Is your doctor really a doctor? Is your nurse really a nurse?

There’s been a lot of discussion over the past few years about non-physicians providing medical care.

Some states, such as Texas, allow nurse practitioners (NPs) and physician assistants (PAs) to make a medical diagnosis and prescribe medications, as long as their supervised by a physician. What that supervision looks like varies dramatically. In some cases, it’s a team approach. In other cases, there’s virtually no supervision at all.

The New Republic recently published a piece by pediatrician Niran Al-Agba, MD entitled “When Your Doctor Isn’t a Doctor.” She discusses how many urgent care clinics are solely staffed by NPs or PAs, while patients think they’re receiving care from a physician. She advocates for the right of patients to be informed about the education and preparation of the professionals taking care of them, as well as the right of patients to receive care from a physician.

This is a contentious issue in health care, medicine, and law that some have dubbed scope creep. With scope creep, people with less educational preparation and clinical training advocate for the licensure and scope of practice of those with more educational preparation and clinical training.

Much of the focus in this debate has been on NPs and PAs and their organizations that advocate for unrestricted scopes of practice virtually identical to physicians. This includes certified registered nurse anesthetists (CRNAs) who are pushing for the identical practice rights as physician anesthesiologists. In some states, they’ve succeeded.

But scope creep doesn’t stop there, as recent news from the U.S. Attorney for the Southern District of Florida illustrates.

The U.S. Attorney alleges that some nursing schools were in the business of selling fake diplomas to individuals who wanted to become registered nurses (RNs) or licensed vocational nurses (LVNs). The diplomas were bogus because the recipients hadn’t completed the necessary classwork or clinical training.

According to the unsealed indictments charges were filed against four people from the Houston, Harris County, Texas area. They acted as recruiters for a Florida nursing school, and the indictments allege that they created fake transcripts and diplomas reflecting that individuals had completed all course and clinical work necessary to receive diplomas.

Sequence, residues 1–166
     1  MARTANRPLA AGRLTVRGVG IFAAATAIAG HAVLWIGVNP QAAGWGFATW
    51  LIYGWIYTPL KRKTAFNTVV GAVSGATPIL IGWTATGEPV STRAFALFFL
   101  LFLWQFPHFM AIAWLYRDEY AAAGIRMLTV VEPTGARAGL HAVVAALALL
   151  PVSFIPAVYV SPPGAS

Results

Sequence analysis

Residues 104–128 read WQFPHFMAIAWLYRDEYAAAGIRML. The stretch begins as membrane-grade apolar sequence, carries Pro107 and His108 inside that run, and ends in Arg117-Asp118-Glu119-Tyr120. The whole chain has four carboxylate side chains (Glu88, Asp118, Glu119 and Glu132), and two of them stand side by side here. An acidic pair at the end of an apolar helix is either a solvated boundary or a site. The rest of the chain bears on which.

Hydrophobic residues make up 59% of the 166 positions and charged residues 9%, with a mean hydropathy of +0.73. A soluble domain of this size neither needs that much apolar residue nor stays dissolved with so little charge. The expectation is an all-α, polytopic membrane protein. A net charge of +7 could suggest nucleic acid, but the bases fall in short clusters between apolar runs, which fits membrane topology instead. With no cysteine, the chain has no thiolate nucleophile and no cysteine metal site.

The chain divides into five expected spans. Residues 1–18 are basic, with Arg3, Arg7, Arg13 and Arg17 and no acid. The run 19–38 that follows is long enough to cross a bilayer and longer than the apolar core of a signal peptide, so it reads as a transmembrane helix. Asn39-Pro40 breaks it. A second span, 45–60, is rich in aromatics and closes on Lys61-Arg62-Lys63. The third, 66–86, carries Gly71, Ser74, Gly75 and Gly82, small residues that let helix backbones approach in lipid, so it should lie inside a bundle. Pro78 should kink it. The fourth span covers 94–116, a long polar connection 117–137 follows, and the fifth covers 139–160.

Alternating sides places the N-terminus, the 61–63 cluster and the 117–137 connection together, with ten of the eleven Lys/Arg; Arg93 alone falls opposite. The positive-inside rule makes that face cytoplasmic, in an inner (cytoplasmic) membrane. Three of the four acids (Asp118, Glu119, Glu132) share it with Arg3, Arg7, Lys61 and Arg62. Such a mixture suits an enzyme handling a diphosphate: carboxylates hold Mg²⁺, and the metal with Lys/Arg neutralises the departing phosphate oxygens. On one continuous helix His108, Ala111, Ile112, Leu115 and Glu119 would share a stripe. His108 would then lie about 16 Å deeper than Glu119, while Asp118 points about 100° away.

Whatever happened to the idea of studying and working hard? Whatever happened to the idea of following the law? Whatever happened to the idea of honesty?

As a former hospital administrator, I think that scope creep and the alleged criminal activity of churning out fake diplomas and credentials makes the credentialing and training activities of hospitals even more important.

For physicians applying to be admitted to a hospital’s medical staff, there is a formal credentialing process that’s privileged under Texas law. At a minimum, this includes checking licensure, verifying education and training, and reviewing the National Practitioner Data Bank.

For individuals applying for nursing positions, the hiring process is not privileged under Texas. For newly licensed nurses, nursing experts have explained that the standard of care mandates that hospitals verify licensure, education, and training, in addition to requiring a preceptorship and testing to demonstrate nursing knowledge and clinical skills.

As a patient, there are a few ways you can improve your patient safety:

• When meeting a new health care professional, you can ask polite questions about educational preparation and training. Here’s an easy one: Are you a physician?

• If you have concerns about a physician, NP, or PA, you can always ask for a second opinion by a physician.

• If you’re concerned about a nurse’s care or conduct, ask to see the charge nurse or nursing supervisor.

• When seeing a new physician, provider, or nurse, be ready to tell your whole story over—don’t presume that any information has been communicated by someone else.

If you’ve been seriously injured because of poor medical, nursing, or hospital care in Texas, then contact a top-rated and experienced Texas medical malpractice attorney for a free consultation about your potential case.

Article by

Robert Painter

Robert Painter is an award-winning medical malpractice attorney at Painter Law Firm Medical Malpractice Attorneys in Houston, Texas. He is a former hospital administrator who represents patients and family members in medical negligence and wrongful death lawsuits all over Texas. Contact him for a free consultation and strategy session by calling 281-580-8800 or emailing him right now.